“As you know, the largest inbound tourist market for Singapore is China, accounting for about 18 per cent so the industry is actually quite reliant on Chinese tourists.”
CAUTIOUS ABOUT IMPACT AHEAD
Speaking at a multi-agency press conference on Monday, Minister for Trade and Industry Chan Chun Sing warned that the global outbreak will affect Singapore’s economy, with tourism-related sectors being of “immediate concern”.
Economists have said the repercussions on tourism could start showing as soon as next month and cautioned that if the outbreak is prolonged, it could chill travel demand worldwide and have a negative impact such as that seen during the Severe Acute Respiratory Syndrome (SARS) outbreak in 2003.
READ: Wuhan virus to hit Singapore’s tourism sector, but too soon to assess impact on overall economy: Experts
Then, at the peak of the epidemic in April 2003, many countries in the Asia Pacific reported falls in tourist arrivals by more than 50 per cent as passenger demand in the region plunged 45 per cent, according to the International Air Transport Association.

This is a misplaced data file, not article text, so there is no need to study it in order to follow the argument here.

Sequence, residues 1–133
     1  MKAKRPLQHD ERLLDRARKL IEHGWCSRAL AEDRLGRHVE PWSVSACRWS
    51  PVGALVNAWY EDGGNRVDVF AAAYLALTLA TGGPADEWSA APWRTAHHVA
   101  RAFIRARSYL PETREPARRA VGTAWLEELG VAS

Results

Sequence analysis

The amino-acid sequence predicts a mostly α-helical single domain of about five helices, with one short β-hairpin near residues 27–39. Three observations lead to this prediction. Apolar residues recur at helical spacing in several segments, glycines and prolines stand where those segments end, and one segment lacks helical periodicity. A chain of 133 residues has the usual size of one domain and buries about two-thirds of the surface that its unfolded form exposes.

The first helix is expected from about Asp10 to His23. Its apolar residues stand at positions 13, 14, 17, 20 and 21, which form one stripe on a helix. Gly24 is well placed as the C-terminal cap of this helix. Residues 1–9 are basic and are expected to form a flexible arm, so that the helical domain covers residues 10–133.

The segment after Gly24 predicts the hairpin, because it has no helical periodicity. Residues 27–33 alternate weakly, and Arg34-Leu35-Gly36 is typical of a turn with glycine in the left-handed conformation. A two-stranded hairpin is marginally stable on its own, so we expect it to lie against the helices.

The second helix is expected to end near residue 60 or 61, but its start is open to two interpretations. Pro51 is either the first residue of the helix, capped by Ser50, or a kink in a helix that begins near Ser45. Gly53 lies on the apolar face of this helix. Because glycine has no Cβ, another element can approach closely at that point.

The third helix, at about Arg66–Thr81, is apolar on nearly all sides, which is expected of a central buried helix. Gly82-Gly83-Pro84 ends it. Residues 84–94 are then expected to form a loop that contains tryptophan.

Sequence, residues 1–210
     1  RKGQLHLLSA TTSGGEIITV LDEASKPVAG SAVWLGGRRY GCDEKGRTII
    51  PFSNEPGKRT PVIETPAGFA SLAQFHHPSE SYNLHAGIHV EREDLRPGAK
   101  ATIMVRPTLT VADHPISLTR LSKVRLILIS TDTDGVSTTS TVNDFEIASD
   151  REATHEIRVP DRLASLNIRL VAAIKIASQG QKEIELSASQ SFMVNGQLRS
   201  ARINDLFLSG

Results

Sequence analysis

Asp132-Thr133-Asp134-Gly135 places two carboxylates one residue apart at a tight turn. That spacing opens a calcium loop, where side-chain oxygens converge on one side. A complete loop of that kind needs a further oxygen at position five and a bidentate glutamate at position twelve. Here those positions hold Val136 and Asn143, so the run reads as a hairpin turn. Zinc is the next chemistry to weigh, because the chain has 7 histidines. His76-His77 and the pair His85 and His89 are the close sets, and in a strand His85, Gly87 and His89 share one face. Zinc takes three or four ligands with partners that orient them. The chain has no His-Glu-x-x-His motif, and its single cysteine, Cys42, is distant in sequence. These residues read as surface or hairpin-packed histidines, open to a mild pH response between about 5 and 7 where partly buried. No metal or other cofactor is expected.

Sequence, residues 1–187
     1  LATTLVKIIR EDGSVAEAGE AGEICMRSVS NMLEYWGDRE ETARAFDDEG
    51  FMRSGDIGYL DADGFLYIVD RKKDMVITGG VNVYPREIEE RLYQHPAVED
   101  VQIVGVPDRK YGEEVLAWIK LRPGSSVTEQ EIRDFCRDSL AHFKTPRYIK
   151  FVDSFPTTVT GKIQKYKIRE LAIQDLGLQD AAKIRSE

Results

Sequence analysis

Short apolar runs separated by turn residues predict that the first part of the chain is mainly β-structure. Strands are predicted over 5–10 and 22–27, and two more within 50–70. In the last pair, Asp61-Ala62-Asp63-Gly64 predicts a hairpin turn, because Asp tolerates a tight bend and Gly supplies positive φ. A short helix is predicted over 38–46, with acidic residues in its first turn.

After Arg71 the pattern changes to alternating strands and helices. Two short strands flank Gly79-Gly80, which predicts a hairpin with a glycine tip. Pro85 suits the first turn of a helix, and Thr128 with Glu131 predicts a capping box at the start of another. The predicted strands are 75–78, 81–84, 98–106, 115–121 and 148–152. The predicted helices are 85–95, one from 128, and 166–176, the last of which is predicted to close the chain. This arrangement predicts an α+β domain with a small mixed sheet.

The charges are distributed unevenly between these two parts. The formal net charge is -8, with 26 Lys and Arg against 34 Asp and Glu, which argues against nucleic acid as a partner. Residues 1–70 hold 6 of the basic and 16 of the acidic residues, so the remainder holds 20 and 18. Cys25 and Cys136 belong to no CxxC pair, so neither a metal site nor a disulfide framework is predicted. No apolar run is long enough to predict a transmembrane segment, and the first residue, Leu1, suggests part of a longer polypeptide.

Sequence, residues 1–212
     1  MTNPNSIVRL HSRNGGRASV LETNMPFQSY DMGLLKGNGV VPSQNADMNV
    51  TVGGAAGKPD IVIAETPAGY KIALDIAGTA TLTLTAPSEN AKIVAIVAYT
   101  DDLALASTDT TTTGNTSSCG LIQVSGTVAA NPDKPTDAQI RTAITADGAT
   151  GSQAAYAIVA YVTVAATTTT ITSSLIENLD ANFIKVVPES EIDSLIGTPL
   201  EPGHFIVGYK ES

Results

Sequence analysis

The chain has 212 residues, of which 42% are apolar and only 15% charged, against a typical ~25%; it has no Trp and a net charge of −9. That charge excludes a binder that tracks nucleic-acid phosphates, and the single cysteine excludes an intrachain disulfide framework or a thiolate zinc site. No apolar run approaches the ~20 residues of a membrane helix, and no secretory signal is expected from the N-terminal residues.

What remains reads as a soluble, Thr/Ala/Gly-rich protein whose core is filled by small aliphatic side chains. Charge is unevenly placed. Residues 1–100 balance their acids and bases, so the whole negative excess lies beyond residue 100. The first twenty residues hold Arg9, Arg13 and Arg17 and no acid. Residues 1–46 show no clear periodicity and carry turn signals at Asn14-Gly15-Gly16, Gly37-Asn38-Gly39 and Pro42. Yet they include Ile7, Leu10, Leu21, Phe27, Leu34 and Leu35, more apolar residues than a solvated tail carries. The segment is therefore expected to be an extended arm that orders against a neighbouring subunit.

In Singapore, overall visitor arrivals fell by 15 per cent in March, followed by a steeper drop of 61 per cent in the first 13 days of April. As a result, average hotel occupancy rates fell sharply to between 20 per cent and 30 per cent, compared with normal levels of 70 per cent or above, official statistics showed.
For now, about 20 per cent of inbound tour groups from other countries have requested postponements or cancellations, NATAS said.
“NATAS is deeply concerned of the current situation,” its spokesperson said, adding that the association has sent out an advisory to all tour operators and guides as of Jan 29 “to seek their cooperation in adhering to the guidelines to prevent any spread of virus”.
These include the daily cleaning of all coaches and rescheduling of itineraries to avoid over-crowded areas for tour operators, according to the guide seen by CNA. Tour guides are to don appropriate masks when on duty, practice good hygiene, look out for symptoms among tourists and arrange for immediate medical attention upon detection.